Survival of the African American Family: The Institutional Impact of U.S. Social Policy

Survival of the African American Family: The Institutional Impact of U.S. Social Policy

Survival of the African American Family: The Institutional Impact of U.S. Social Policy

Survival of the African American Family: The Institutional Impact of U.S. Social Policy

Synopsis

Challenging widely held beliefs, this provocative book offers nothing less than a blueprint for enhancing the social and economic status of African American families. Despite the implementation of liberal social policies in the 1960s and '70s, successive U. S. administrations continue to dash the hopes and expectations of African Americans, who remain subject to racism and discrimination. Arguing that social policies--and their absence--have affected the stability of the African American family, Jewell refutes the myth of significant progress for African American families emanating from the civil rights era, exposing the myriad reasons why greater advancement toward equality has not occurred in major societal institutions. Attention is focused on the extent to which African American families have been adversely affected by a process of assimilation that was socio-psychological rather than economic. This new edition builds upon the first edition, and is revised and expanded to reflect new and persistent institutional policies and practices of race, gender and class inequality facing African American families. The revised edition explores such issues as racial profiling, capital punishment, police brutality, predatory lending, No Child Left Behind, welfare reform, affirmative action and racial disparities in healthcare, academic achievement and home ownership. Jewell proposes a variety of strategies and policies that are needed to ensure greater social and economic equality and justice for African American families.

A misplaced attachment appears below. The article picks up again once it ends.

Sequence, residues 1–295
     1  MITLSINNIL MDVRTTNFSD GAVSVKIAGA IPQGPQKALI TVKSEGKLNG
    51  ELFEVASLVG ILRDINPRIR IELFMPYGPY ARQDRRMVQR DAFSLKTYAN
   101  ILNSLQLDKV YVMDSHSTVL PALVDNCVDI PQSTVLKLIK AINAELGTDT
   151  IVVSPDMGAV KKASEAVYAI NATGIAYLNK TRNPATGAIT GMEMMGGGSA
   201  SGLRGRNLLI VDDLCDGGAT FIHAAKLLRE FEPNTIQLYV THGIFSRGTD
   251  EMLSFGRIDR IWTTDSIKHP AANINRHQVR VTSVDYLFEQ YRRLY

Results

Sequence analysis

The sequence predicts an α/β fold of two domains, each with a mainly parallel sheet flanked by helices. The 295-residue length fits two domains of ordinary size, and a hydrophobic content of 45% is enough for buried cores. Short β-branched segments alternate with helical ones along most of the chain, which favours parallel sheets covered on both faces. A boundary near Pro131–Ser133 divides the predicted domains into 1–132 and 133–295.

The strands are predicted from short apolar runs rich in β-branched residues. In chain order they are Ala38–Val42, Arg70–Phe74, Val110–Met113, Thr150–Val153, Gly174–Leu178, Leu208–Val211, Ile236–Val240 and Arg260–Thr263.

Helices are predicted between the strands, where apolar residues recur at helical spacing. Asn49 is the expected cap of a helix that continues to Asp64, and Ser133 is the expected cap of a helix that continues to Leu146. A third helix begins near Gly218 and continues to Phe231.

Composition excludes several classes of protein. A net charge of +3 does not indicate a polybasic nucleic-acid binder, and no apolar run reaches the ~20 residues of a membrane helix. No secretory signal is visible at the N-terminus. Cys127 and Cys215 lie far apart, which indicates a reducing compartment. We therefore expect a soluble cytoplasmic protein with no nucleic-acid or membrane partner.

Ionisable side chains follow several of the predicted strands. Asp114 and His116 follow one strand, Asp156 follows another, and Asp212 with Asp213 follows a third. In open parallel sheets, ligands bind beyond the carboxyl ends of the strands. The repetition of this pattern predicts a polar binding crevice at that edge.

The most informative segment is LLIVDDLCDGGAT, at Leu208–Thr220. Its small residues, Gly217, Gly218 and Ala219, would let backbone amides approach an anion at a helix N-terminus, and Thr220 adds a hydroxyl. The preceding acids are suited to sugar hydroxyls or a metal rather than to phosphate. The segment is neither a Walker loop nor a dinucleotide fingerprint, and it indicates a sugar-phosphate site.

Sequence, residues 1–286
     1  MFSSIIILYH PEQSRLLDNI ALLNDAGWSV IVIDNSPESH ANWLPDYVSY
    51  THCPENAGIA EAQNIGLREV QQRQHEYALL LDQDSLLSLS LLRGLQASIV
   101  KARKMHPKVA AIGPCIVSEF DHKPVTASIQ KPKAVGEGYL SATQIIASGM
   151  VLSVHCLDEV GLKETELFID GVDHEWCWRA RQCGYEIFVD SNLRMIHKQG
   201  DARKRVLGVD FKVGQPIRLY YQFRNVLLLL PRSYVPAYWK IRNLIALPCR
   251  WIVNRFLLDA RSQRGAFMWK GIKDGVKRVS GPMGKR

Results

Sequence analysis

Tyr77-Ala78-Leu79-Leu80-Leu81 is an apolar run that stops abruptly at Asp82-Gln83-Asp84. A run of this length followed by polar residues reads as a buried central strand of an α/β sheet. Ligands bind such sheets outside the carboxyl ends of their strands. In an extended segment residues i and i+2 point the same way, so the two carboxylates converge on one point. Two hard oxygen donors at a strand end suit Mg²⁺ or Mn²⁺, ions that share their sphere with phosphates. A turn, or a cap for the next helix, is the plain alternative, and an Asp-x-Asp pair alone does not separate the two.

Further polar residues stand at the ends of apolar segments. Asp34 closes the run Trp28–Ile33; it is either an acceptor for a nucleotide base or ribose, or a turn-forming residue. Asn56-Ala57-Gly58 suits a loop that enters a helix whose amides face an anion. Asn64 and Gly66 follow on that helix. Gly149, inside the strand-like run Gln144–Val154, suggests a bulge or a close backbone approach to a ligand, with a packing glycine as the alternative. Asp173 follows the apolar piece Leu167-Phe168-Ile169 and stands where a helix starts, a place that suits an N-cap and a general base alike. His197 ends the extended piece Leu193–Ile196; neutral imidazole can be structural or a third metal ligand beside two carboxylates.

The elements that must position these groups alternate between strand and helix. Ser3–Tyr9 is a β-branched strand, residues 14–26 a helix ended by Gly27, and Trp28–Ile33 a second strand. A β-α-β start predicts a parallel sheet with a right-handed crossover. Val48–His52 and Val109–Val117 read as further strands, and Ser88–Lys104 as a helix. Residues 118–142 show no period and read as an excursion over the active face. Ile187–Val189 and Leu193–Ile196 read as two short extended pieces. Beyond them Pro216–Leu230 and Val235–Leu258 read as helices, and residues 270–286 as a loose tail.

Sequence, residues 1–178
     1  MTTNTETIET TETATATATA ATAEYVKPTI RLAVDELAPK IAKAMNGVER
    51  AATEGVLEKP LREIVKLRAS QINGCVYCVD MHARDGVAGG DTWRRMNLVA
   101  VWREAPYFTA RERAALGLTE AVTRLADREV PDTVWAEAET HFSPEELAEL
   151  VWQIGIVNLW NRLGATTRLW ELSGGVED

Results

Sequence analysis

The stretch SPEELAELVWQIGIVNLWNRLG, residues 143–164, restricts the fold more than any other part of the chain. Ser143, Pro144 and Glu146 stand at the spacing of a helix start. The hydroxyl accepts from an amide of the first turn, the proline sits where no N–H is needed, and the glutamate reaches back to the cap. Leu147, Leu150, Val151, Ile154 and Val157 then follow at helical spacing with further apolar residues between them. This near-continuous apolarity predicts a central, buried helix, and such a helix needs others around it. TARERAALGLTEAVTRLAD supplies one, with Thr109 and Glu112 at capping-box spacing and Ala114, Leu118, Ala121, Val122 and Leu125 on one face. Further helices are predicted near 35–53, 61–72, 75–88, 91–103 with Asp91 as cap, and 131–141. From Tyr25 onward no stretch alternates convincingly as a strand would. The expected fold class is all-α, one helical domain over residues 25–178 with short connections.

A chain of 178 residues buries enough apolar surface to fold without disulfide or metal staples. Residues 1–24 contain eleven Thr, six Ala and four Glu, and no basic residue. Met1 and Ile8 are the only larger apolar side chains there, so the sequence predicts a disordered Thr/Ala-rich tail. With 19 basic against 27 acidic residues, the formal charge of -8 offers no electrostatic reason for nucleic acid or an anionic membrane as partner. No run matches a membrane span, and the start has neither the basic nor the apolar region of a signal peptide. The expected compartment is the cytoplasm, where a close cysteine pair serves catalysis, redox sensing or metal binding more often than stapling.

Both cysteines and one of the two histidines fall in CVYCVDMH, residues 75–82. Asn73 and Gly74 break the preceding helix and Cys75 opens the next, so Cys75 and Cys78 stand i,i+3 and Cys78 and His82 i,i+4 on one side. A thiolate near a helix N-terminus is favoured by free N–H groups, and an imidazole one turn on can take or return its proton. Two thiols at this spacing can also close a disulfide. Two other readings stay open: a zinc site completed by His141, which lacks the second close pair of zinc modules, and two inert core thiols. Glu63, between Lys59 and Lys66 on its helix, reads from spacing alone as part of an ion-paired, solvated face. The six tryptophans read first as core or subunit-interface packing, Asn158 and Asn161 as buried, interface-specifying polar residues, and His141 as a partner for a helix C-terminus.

Excerpt

The primary focus of this book is on the limited progress that African American families have made several decades after the implementation of liberal social policies in the 1960s and 1970s. I also examine the continued hope and high aspirations of African American families who have remained committed to the belief that Democratic administrations will represent their interests and understand and attempt to remedy their continued experiences as the targets of institutional racial inequality, injustices, and even aggression. However, I present irrefutable evidence that these expectations and hopes are dashed as new administrations become even less committed to the elimination of institutional racial discrimination and structural barriers that prevent African American families from participating fully in mainstream American institutions, and that make them victims of institutional and individual racial inequality, which have a profound adverse effect on the stability of African American families. Institutional policies and practices such as racial profiling; financial institutions that deny mortgage loans to creditworthy African Americans; police brutality; policymakers permitting the increasing presence of predatory lenders in lower-income inner-city neighborhoods where African Americans become their chief prey; the mainstream media's continued practice of vilifying African American males and devaluing and negatively stereotyping and objectifying African American females; and the poor quality of urban education and health care-delivery systems provided to African American families are presented as further evidence of the deprivation, humiliation, and inequalities that African American families encounter on a daily basis. I also explore how some of the most . . .

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